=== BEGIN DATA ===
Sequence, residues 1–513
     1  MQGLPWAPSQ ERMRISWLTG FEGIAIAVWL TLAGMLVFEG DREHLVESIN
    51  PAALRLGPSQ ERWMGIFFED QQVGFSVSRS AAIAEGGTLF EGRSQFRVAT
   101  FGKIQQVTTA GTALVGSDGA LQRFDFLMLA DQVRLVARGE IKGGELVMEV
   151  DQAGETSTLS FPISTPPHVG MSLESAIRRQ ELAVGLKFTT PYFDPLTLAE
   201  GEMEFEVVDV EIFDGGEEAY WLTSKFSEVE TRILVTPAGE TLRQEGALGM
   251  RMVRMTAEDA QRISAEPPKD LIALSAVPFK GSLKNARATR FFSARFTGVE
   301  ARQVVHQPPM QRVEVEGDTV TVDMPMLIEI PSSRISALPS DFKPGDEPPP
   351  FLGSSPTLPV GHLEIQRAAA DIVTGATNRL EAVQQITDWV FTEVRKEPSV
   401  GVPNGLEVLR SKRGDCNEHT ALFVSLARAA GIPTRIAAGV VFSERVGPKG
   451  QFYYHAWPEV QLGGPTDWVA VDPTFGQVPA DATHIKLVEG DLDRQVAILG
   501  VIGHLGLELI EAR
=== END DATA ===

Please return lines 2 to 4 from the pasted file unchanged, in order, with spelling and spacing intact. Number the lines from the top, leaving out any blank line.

     1  MQGLPWAPSQ ERMRISWLTG FEGIAIAVWL TLAGMLVFEG DREHLVESIN
    51  PAALRLGPSQ ERWMGIFFED QQVGFSVSRS AAIAEGGTLF EGRSQFRVAT
   101  FGKIQQVTTA GTALVGSDGA LQRFDFLMLA DQVRLVARGE IKGGELVMEV